On my radar this past week was the concept of iatrogenic shoulder dystocia. I had previously read that the single most common risk factor for shoulder dystocia was the use of a vacuum extractor or forceps during delivery. Kathy of Woman to Woman CBE came across a study of more than 12,000 births in two hospitals that showed that the rate of shoulder dystocia (about 1%) remained constant despite differences in the risk factors of parity, birth weight, cesarean delivery, and operative vaginal delivery. The researchers note that this could have implications in defending shoulder dystocia injury cases in which the defense that the doctor should have seen the risks factors and acted on them in advance is used.
Kathy speculated about additional causes of shoulder dystocia:
Maybe it’s time for doctors to start looking at other causes and other forces. Like, iatrogenic shoulder dystocia — shoulders getting caught because the mother is lying on her back, with pressure on her coccyx making it unable to naturally move backwards as the baby moves past it, as well as her not being able to be in a squatting position, which widens the pelvic outlet by a couple of centimeters (without episiotomy). Maybe the baby having to fight against gravity (actually pointing upwards to get past the fixed tailbone) has something to do with it. Maybe the baby not being able to shift and rotate naturally because the mom is not allowed to position herself in such a way as to allow the baby’s shoulders to come free, has something to do with it.
Hypothetically, if shoulder dystocia occurrence were to increase in frequency as a result of the lack of mobility caused by the epidural that is (usually) necessitated by the induction of labor which was scheduled to prevent the baby from getting too big and experiencing shoulder dystocia… it would be like a dog chasing its tail if the very tactic attempted to get a suspected big baby out safely was actually mechanically impairing the normal process of childbirth. Naturally, a midwife or doctor can still perform disimpaction maneuvers on a woman using epidural anesthesia by lifting and moving her into various positions, but it’s still an interesting conjecture.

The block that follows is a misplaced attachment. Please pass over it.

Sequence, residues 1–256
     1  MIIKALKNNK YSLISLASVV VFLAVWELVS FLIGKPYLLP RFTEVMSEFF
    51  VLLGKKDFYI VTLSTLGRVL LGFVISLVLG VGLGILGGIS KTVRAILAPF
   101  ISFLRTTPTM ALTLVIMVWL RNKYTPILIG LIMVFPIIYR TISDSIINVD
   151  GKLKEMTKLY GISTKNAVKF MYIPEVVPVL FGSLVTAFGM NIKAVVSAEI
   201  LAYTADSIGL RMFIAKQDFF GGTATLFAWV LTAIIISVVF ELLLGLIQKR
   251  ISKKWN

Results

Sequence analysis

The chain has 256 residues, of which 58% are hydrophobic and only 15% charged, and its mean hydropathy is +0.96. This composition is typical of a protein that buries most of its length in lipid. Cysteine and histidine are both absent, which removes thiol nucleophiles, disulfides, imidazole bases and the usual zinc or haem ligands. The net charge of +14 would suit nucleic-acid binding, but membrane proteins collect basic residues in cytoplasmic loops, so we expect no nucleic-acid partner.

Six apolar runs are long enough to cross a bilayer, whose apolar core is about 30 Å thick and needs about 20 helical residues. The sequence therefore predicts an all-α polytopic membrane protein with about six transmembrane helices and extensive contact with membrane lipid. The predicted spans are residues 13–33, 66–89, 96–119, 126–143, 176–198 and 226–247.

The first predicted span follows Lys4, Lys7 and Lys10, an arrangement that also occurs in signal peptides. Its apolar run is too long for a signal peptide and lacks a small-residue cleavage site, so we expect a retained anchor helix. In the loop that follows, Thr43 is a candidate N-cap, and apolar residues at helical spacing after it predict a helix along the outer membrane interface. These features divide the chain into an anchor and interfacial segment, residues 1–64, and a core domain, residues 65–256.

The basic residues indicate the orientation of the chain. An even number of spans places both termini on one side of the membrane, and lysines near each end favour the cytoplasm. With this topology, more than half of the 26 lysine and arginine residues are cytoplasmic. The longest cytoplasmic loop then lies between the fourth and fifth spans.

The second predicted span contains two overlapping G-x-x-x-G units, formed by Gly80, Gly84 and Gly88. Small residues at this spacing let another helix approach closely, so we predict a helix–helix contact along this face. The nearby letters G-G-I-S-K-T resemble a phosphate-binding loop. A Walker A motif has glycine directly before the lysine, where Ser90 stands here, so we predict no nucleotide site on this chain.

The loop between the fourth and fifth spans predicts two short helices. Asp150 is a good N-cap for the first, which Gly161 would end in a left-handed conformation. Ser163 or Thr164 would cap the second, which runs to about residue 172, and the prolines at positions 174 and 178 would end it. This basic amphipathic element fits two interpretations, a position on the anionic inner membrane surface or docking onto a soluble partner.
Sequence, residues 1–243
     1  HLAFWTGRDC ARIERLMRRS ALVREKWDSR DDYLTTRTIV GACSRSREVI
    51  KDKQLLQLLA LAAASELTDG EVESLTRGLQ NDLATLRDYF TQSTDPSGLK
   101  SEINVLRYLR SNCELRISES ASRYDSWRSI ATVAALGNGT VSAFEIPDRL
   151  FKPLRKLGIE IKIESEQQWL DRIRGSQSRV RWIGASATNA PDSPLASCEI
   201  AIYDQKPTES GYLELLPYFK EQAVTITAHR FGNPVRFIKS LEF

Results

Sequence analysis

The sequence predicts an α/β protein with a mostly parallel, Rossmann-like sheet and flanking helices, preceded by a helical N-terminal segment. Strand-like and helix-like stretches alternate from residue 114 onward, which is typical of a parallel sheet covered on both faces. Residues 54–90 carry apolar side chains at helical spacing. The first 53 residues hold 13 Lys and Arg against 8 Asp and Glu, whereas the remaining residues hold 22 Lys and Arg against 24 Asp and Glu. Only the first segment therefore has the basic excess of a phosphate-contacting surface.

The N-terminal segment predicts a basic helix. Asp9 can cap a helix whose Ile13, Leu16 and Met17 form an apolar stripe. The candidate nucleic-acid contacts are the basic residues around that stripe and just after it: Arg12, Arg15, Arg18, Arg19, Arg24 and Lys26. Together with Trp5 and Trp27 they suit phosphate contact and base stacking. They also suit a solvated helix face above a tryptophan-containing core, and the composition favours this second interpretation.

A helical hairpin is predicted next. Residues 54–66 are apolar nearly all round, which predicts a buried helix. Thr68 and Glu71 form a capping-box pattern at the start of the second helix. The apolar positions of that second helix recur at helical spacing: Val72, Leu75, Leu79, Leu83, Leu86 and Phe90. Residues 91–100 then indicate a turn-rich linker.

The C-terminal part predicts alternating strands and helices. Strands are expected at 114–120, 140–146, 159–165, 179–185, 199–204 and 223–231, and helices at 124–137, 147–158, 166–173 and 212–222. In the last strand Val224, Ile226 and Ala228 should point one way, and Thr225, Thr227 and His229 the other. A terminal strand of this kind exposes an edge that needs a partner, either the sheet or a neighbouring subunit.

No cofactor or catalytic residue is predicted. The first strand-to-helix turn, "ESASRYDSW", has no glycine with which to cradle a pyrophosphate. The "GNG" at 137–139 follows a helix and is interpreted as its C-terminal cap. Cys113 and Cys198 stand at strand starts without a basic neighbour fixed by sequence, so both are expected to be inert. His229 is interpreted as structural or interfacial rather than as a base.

Back at Mom’s Tinfoil Hat, Hilary found a study showing that iatrogenic shoulder dystocia is a possibility under certain conditions:
“The triad of labor induction, oxytocin use, and birth weight greater than 4500 g yielded a cumulative odds ratio of 23.2 (95% CI 17.3-31.0) for shoulder dystocia.”
For those who don’t understand odds ratios, it says that with that triad (large baby, induction and pitocin), there will be a shoulder dystocia also occurring 23 times more likely than if this triad did not exist. It seems to me that labor induction and use of pitocin actually increases the risk of a dystocia, instead of decreasing it, especially if it is likely that the baby is large.
Studies have consistently shown that inducing labor for suspected macrosomic baby does not prevent c-sections, shoulder dystocia or birth injuries. The idea that induction actually might CAUSE the emergent situation that it seeks to prevent is worthy of further exploration.
Software called the CALM Shoulder Screen was developed by LMS Medical which claims to be able to predict not shoulder dystocia, but specifically shoulder dystocia with brachial plexus injury. The goal is to prevent medico-legal and financial issues associated with brachial plexus injury. In fact, “its detection rates between 30% and 61% could translate to multi-million dollar savings for large hospital systems or insurers.” Using an algorithm based on anthropometric maternal and fetal characteristics, the CALM software claims to assess the risk of shoulder dystocia with injury at or before the onset of labor, greatly improves detection rate with a relatively small increase in the rate of cesarean, and enables clinical teams to communicate risk effectively to patients when recommending a course of action.